The idea behind Fisherman is that small businesses used to only having a brick-and-mortar presence often don’t have the time or expertise to build the kind of websites they need to get discovered and thrive in a digital world.
Fisherman automates the process for them. It’s all part of the company’s goal to build what it calls a “no effort web.”
Of its clients, Fisherman CEO Ameet Kallarackal said in an interview: “From their side of things, they’re extremely busy and their core competency isn’t making a website. They’re not experts at doing anything website related, and they don’t necessarily understand what their consumers are looking for on their website.”
Kallarackal, who previously founded the user research firm Campus Insights in college before selling it to Harvard University, knew he wanted to start a business that would address an underserved market. It became clear to him that many small businesses didn’t have the tools or expertise to create and maintain a website. Fisherman has focused on restaurants to start, which has proven to be timely given how restaurants in particular were affected by the COVID-19 pandemic and needed to pivot to a digital strategy.
How it works
I sat down (virtually) with Kallarackal earlier this month to chat about Fisherman, and he walked me through the product. He input the name and address of my favorite brunch spot in San Francisco, and within a few minutes, Fisherman created a mockup of a website for it, picking complementary colors from an online menu that was available, and creating a sleek design.
That’s similar to the process that businesses using Fisherman go through. The first step is data collection, and since Fisherman partners with other restaurant tech companies like Toast and ChowNow, it’s easy to get basic information about a business. And if, for example, a restaurant on the Toast platform doesn’t have a website, they’ll relay that to Fisherman which can easily create a mockup of a potential website to show the restaurant. Then, Fisherman can make a design based on data the company pulls and develop the website.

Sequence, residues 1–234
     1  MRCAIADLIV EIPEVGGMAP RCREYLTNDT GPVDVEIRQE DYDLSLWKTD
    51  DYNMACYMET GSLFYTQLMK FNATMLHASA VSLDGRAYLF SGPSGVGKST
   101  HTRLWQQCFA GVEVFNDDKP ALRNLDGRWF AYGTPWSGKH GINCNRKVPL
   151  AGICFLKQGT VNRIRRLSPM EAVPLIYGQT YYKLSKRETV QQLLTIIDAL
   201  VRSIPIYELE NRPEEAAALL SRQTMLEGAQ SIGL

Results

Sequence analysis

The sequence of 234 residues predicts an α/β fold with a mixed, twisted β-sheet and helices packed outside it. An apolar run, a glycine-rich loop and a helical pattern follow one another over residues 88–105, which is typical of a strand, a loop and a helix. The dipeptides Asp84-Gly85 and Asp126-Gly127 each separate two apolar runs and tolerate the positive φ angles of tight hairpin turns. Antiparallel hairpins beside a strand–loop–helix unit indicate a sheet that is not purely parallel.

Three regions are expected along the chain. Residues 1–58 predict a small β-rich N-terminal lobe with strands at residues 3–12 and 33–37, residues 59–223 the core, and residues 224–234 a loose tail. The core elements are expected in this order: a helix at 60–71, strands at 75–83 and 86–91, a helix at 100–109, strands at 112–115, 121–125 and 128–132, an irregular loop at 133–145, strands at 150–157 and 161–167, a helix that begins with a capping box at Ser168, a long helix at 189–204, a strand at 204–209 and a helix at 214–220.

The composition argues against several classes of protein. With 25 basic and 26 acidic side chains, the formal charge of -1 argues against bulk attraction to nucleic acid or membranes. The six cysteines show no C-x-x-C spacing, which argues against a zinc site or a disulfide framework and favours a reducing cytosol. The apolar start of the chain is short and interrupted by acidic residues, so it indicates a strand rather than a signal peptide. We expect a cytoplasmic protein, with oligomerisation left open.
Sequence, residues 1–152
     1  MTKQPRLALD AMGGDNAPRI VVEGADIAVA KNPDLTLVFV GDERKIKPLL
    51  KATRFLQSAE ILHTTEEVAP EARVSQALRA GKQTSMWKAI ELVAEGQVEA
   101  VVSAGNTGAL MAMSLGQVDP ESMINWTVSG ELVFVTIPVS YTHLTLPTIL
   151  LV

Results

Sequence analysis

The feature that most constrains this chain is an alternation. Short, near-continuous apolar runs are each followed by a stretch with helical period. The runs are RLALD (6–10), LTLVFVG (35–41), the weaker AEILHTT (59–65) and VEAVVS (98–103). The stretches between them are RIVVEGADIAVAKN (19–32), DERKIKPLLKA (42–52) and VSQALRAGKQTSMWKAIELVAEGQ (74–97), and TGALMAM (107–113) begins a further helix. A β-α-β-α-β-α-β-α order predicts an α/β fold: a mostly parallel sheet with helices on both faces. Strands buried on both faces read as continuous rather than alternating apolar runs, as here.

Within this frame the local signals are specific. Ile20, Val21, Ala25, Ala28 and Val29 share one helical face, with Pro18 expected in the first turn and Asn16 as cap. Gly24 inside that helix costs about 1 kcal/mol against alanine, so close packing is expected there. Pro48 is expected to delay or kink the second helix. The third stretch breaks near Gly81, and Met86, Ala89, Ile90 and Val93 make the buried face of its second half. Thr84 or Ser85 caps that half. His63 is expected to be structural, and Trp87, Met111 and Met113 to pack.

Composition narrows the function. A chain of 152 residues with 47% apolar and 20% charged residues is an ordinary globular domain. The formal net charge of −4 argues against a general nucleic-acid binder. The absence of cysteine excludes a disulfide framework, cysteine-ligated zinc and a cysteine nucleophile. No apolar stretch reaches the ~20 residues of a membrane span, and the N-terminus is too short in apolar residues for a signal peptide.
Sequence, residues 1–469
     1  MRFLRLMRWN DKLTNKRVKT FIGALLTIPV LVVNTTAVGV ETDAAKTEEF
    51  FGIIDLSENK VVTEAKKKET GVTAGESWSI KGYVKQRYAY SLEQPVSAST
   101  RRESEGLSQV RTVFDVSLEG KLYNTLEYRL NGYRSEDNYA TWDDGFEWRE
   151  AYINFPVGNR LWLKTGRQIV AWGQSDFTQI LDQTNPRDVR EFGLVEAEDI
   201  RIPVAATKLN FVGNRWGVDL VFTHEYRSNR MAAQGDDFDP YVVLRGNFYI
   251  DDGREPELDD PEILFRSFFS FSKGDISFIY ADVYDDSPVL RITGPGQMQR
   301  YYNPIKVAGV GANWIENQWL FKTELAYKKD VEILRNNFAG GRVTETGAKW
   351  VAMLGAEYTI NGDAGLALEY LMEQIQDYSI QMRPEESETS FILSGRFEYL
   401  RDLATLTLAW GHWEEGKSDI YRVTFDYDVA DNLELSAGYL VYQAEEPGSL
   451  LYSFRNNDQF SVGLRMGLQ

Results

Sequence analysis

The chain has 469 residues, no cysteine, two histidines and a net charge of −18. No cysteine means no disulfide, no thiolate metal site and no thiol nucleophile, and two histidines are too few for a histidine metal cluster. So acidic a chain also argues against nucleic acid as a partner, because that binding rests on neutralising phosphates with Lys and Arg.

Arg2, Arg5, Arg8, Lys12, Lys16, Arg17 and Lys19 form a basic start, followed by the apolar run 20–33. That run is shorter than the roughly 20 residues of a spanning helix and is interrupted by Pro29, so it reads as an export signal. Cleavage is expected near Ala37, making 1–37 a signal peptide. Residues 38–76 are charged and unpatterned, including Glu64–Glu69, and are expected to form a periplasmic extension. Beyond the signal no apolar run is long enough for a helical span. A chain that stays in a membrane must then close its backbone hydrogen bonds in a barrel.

Businesses that sign up with Fisherman can usually take advantage of a free trial at the beginning of the service before signing up for a monthly package that ranges between $30 and $50 per month. So far, Fisherman has seen a conversion rate of about 95 percent from free trials to paid customers, according to Kallarackal.
ChowNow is currently Fisherman’s biggest partner, with ChowNow referring potential customers to Fisherman, and Fisherman integrating ChowNow’s online ordering system into the websites it builds.
The majority of the restaurants Fisherman works with didn’t have a website at all, while a growing number have some sort of website. When the COVID-19 pandemic hit, Fisherman made its services free for six months for restaurants wanting to join the platform.
According to Maureen Stanick Boyce, managing partner of Good Growth Capital, Fisherman proved interesting because the company focused on helping small one-off restaurants or small restaurant chains that don’t have the infrastructure to operate like a big chain. The opportunities available to big companies haven’t been available to small and midsize companies, she said.
“Because especially in COVID … we know that the big companies are winning out and they’re winning out because they had all of the infrastructure to support online buying and they had the infrastructure to support delivery and stuff,” she said.
The company, which has about a dozen employees, is now focused on building more digital marketing automated features, hiring and expanding into new verticals. Investors in the company include Good Growth Capital, Lorimer Ventures, SSC Venture Partners, The Food Loft, WePay CEO Bill Clerico, Privy CEO Ben Jabbawy, Venture Lane CEO Christian Magel, Trail Ridge founder Pete Behrens, and several angel investors.